Floating solar arrays could come to some manmade waterways in Florida
Image via AP.

Floating solar
They'd float atop wastewater treatment ponds, abandoned lime rock quarries and other manmade water storage reservoirs.

Solar energy arrays throughout Florida may expand to aquatic settings thanks to twin proposals moving through the Legislature.

On Tuesday, members of the House Tourism, Infrastructure & Energy Subcommittee unanimously OK’d one of the proposals (HB 1411) by Republican Rep. Bryan Ávila of Miami Springs.

The bill, an identical companion to legislation Republican Sen. Manny Díaz Jr. of Miami filed in December, would direct the state Office of Energy to develop and submit to the Legislature recommendations for a regulatory framework for private- and public-sector entities to develop and operate floating solar-power facilities.

The recommendations and framework would be due by Dec. 31.

“Floating solar is a relatively new concept that refers to any type of solar array that floats atop a body of water,” Ávila said in presenting his bill. “Florida has been a leader in encouraging the use of, and promoting the development of, renewable energy. I am proud to introduce legislation that intends to continue to build on our efforts to harness energy throughout Florida in a new and innovative way.”

Sometimes referred to using the portmanteau “floatovoltaic,” the floating photovoltaic facilities would only be permitted atop manmade water storage reservoirs, including wastewater treatment ponds and abandoned lime rock quarries.

No floating solar facilities would be permitted in the Lake Belt area — a roughly 89-square-mile region in northwest Miami-Dade County whose wetlands provide a buffer protecting the Everglades — or any Everglades reservoir project if local governments say it will negatively impact the area or project.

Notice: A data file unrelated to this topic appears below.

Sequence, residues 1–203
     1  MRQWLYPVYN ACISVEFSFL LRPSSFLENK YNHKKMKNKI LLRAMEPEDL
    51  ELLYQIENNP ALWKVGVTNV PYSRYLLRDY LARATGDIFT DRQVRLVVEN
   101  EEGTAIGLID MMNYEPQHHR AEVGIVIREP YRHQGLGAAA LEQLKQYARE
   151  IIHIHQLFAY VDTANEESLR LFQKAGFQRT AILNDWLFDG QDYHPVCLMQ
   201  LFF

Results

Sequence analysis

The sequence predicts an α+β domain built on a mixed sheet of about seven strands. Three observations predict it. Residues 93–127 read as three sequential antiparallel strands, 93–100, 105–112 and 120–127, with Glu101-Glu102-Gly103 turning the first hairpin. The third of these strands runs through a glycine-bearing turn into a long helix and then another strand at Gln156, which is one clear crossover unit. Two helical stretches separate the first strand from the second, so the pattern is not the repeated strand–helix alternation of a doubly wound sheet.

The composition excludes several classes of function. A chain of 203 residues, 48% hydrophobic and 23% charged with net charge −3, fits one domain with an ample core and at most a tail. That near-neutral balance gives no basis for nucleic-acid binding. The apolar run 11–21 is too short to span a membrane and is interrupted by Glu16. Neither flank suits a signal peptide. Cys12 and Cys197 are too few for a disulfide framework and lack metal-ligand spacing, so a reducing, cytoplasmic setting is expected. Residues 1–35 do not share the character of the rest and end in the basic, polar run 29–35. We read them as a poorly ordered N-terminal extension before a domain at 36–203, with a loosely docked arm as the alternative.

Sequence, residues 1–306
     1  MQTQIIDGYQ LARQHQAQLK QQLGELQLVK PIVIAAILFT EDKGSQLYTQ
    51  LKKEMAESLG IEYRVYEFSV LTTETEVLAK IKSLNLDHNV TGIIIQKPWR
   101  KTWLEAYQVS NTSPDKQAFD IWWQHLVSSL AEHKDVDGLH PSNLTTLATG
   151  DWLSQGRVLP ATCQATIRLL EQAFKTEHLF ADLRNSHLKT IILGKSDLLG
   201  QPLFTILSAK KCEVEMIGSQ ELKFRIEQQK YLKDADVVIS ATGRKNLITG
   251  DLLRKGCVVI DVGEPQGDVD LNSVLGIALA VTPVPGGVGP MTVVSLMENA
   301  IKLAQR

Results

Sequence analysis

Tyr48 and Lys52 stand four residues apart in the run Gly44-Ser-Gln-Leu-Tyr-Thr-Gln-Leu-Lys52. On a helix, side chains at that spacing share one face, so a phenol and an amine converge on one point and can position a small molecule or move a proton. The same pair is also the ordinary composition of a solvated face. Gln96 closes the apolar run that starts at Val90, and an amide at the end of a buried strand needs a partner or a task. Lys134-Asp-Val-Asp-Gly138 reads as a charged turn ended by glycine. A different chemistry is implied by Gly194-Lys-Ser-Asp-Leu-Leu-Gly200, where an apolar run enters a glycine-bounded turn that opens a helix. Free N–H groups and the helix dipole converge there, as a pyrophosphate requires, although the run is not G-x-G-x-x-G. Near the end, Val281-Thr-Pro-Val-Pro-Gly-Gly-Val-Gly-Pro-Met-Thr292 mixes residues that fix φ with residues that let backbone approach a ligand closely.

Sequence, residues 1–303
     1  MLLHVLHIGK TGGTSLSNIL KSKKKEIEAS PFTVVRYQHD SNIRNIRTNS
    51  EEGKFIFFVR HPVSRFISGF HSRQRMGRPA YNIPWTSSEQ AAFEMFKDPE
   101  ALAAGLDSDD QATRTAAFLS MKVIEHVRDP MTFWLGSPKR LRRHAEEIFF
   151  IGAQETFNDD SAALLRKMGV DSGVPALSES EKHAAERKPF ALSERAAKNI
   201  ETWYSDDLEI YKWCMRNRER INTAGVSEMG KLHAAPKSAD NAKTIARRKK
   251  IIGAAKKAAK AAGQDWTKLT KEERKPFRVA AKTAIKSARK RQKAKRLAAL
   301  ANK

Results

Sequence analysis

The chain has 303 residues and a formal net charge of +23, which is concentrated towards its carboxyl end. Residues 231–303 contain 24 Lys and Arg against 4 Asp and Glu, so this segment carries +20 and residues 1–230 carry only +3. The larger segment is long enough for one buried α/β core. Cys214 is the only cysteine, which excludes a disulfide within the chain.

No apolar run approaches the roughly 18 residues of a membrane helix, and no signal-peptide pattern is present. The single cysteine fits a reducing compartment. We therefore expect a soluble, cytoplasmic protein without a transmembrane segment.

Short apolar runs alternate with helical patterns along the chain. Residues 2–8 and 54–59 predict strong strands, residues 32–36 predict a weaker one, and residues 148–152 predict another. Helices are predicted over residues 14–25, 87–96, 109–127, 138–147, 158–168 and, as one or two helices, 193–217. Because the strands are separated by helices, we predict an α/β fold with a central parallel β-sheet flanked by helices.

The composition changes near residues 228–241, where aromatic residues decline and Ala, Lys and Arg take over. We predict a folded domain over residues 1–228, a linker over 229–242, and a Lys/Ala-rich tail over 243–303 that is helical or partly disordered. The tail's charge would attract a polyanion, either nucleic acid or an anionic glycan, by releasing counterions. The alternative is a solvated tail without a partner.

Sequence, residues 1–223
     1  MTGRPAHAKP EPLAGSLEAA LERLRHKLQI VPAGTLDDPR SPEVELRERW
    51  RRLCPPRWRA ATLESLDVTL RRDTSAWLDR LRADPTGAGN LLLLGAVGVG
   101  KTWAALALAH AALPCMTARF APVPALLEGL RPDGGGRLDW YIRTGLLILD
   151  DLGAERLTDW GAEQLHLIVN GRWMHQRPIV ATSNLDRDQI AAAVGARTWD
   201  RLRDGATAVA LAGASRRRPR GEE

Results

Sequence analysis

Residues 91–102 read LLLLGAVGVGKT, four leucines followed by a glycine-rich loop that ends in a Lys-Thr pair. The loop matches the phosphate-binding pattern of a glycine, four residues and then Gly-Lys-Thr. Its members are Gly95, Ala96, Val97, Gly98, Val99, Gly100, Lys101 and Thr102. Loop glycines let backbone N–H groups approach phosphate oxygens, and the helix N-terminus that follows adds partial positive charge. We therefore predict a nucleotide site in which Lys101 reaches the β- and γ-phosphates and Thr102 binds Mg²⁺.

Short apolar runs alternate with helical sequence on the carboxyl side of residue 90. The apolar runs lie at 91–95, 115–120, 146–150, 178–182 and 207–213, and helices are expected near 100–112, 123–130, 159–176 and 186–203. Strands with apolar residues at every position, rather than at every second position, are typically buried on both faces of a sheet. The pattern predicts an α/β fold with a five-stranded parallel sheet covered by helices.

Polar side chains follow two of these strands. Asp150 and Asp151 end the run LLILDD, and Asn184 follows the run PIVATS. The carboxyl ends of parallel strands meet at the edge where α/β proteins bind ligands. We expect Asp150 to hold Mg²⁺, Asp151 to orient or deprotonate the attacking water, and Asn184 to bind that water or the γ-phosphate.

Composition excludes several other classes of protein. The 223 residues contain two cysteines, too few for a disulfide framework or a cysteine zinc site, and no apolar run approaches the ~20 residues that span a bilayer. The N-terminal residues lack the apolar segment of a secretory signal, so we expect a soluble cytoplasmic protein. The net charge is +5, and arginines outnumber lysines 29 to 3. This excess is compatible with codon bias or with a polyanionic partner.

The bill currently would permit only counties to adopt ordinances specifying “buffer and landscaping requirements” for the facilities. Asked by Democratic Rep. Emily Slosberg-King of Boca Raton whether he would be open to amending his bill to extend the same powers to municipalities, Ávila said yes, adding he had just met with the Florida League of Cities to discuss the matter.

The state bill comes more than 2 ½ years after the Miami-Dade County Commission approved a resolution directing then-Mayor Carlos Giménez’s administration to study the feasibility of using floating solar.

The item’s sponsor, Miami-Dade Mayor Daniella Levine Cava, then a County Commissioner, said the county was “uniquely positioned to take advantage of floating solar technologies” due to its “significant number of artificial lakes.”

Miami-Dade commissioners separately approved a 15-year, nonexclusive deal in March 2019 allowing Florida Power & Light to install, operate and maintain solar power equipment on Glide Angle Lake at Miami International Airport.

A similar system was installed last year at Orlando International Airport.

Floating solar power plants are already being used in Asia, which is home to the 10 largest facilities on the planet. But they’ve also grown increasingly popular stateside since the 2008 construction of 1,000 pontoon-mounted panels in California’s Napa Valley — the first nonexperimental floating solar array.

According to the U.S. Department of Energy’s National Renewable Energy Laboratory, installing solar facilities on water bodies identified as suitable for the technology could produce 10% of current national power generation.

Ávila’s bill, filed Jan. 8, awaits further hearings before the House Commerce Committee and Local Administration & Veterans Affairs Subcommittee.

Díaz’s bill, which was referred to the Regulated Industries, Community Affairs and Rules committees, has not yet been heard.

Jesse Scheckner

Jesse Scheckner has covered South Florida with a focus on Miami-Dade County since 2012. His work has been recognized by the Hearst Foundation, Society of Professional Journalists, Florida Society of News Editors, Florida MMA Awards and Miami New Times. Email him at [email protected] and follow him on Twitter @JesseScheckner.



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